What drives diesel fuel prices?
Stephen Brown and
Jackson Thies ()
Economic Letter, 2009, vol. 4, issue nov, No 9
Historically, gasoline has commanded a premium over diesel, but that changed in mid-to-late 2007, when diesel rose above gasoline. In 2007 and 2008, however, gasoline traded higher than diesel only 21.1 percent of the time. This deviation from historic norms raises an interesting question--what drives diesel prices? As with virtually all petroleum-derived products, the story begins with oil prices. Seasonal patterns also play a significant role. Demand for a range of oil-based products changes with the weather, and prices fluctuate as refiners adjust their output mix. Government regulations are another source of price variability. Earlier this decade, new standards aimed at reducing diesel fuel's sulfur content required further processing that increased refinery costs and prices for consumers. Finally, short-term changes in supply and demand--including imports--factor into pricing on a day-to-day basis. Our model suggests that spot diesel should rise 25 cents a gallon over the next six months and 41 cents a gallon over the next 18 months.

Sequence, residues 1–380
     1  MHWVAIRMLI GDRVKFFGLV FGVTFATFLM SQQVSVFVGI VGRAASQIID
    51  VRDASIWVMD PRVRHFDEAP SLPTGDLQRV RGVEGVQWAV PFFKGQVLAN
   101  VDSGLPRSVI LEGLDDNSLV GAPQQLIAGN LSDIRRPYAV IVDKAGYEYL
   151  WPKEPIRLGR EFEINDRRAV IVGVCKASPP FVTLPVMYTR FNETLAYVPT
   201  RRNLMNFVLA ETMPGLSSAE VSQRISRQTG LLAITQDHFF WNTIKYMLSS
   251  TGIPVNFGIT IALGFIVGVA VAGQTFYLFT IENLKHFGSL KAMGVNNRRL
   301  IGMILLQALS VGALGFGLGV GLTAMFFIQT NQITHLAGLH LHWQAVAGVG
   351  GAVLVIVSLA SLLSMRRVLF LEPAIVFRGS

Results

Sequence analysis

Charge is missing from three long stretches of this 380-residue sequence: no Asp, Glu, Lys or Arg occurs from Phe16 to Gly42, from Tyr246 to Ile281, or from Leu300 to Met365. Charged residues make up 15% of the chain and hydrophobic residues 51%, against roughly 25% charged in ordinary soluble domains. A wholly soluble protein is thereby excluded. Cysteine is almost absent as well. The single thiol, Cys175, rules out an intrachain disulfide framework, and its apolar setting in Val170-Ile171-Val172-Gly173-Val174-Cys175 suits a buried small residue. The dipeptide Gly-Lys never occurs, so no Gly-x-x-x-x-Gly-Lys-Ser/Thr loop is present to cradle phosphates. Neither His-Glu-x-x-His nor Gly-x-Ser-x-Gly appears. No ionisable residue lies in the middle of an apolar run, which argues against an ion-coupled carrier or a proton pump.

Keywords: Petroleum products - Prices; Energy consumption; Econometric models; Petroleum industry and trade (search for similar items in EconPapers)
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Persistent link: https://EconPapers.repec.org/RePEc:fip:feddel:y:2009:i:nov:n:v.4no.9
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